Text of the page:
Then, well, I had whatever you call a conversion to monastic-aspirations and dumped the pair of long-boxes I had. That earlier contradictory emotion rose up and I figured it was time to be the religious man. This was right after college, probably around 2011. My Dad thought I was nuts, trading it all in for 100 bucks. “Are you sure you won’t regret this?”, he asked. I said “I won’t” at the time. Opinions can change drastically in 6 years.

I got back in the habit in the last two years. A friend was into Image – “You know, those non-superhero comics”. Oh, how the age of Witchblade, Savage Dragon, and Spawn have been forgotten. So I followed along, read his copies of Brian K Vaughn’s Saga, Jonathan Hickman’s East of West. I picked up Cullen Bunn’s Sixth Gun and Rick Remender’s Black Science. On a lark, I grabbed Dan Brereton’s Nocturnals – I’m in love with the man’s art.

But it wasn’t long before I turned back to superheroes. I’ve picked up a lot of Invincible again (just in time for it’s wrapping up) and am going back through Geoff John’s Green Lantern stuff. I’m trying to do Legion of Superheroes, want to grab some Fantastic Four, maybe finally read Civil War. Maybe Claremont’s lauded X-Men run (though that’s in that pre-90s phase, which I seem to have an aversion to…). I want to try out IDW’s Ninja Turtles and more of Boom Studios’ Power Rangers.

I guess I’m a bit of a superhero addict. I could probably do all sorts of psychoanalysis and philosophizing on it – exulting physical might when I’m so weak; looking for figures of authority in a time of moral chaos; desiring enchantment in a secular age; liking my ladies feisty and strong; dreams of heroism; yearnings for Eden and preternatural powers… Or I just really like superheroes.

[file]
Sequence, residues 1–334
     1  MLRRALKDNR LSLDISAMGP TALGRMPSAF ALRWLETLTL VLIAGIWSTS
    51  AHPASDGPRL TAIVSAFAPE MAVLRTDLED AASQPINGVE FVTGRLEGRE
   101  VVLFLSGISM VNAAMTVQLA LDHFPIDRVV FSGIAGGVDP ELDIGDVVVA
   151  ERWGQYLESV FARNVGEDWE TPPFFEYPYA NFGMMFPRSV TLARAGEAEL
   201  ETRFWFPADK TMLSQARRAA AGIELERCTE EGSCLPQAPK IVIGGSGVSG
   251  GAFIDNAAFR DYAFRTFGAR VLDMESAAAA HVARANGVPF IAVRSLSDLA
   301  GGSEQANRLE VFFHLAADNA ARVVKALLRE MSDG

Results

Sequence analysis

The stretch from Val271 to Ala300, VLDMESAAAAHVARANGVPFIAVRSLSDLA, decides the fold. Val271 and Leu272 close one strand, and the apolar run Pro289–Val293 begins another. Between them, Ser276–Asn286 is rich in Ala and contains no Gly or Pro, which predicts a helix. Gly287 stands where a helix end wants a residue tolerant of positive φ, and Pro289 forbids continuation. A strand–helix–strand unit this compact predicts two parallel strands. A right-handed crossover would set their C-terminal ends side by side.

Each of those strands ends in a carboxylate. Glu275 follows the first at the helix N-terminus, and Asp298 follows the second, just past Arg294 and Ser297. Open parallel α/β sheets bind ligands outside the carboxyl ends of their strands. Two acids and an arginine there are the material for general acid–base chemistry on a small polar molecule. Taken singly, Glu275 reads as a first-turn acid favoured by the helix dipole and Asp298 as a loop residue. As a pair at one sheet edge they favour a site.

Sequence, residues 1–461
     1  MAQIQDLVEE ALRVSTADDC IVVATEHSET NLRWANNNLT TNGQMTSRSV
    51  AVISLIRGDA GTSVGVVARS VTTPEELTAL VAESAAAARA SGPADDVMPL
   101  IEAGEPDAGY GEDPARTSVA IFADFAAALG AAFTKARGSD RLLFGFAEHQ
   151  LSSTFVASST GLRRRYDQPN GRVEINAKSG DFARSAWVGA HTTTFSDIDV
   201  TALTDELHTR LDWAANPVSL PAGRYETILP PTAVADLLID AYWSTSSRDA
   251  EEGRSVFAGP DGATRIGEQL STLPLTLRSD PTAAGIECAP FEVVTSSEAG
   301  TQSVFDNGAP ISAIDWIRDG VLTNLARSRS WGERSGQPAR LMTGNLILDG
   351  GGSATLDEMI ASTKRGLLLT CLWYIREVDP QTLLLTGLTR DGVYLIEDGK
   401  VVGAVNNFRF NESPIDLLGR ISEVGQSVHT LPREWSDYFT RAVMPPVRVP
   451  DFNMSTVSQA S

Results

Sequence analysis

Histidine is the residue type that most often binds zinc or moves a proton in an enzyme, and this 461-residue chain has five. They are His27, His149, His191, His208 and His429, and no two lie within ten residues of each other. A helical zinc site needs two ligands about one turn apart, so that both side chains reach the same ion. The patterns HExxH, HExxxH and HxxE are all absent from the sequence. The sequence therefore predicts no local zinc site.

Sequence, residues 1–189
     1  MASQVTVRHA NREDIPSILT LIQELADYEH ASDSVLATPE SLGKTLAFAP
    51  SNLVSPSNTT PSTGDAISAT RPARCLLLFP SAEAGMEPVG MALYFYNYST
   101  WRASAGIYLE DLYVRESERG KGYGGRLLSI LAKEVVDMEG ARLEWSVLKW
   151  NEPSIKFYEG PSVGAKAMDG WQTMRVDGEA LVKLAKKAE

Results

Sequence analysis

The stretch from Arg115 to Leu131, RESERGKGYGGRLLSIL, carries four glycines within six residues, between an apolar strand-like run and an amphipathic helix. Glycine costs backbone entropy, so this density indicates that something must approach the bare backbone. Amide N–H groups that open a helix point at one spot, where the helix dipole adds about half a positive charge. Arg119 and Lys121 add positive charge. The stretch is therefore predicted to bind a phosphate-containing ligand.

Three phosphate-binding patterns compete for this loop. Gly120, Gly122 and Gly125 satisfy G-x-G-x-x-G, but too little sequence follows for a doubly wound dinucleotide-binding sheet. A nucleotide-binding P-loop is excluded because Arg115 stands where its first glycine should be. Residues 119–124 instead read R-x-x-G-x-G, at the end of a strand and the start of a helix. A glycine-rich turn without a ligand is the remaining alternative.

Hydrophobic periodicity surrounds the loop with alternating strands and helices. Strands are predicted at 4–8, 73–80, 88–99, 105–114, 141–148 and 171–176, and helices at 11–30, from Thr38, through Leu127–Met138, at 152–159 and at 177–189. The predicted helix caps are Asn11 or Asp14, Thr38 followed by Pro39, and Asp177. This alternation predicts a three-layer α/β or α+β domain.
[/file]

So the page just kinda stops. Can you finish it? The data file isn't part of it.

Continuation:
Probably that last one. Just Occam’s Razor the issue.

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Losing the war

Just Thomism

For Plato, the rule of money arises from disillusion with the belief that war gives glory. Battle ceases to be seen as the supreme proof of manhood and comes to be seen with horror and contempt. Put in pop-art terms, we go from a John Wayne depiction of war to the depiction of Platoon, Full Metal Jacket, or Apocalypse Now. Told from the later point of view, we’ve shed naive rah-rah nationalism and awoken to the horror of war. We’ve finally seen the reality behind the scenes, and now know that war is just a cynical power-grab that is inflated with propaganda until the poor are willing to kill and die for the benefit of those who have much to gain and little to lose.

The older world of heroism and battle glory deserves a right to respond to what replaced it, and their best response is probably this: any…

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Some Comments on… Thor: Ragnarok

Some Comments on… Thor: Ragnarok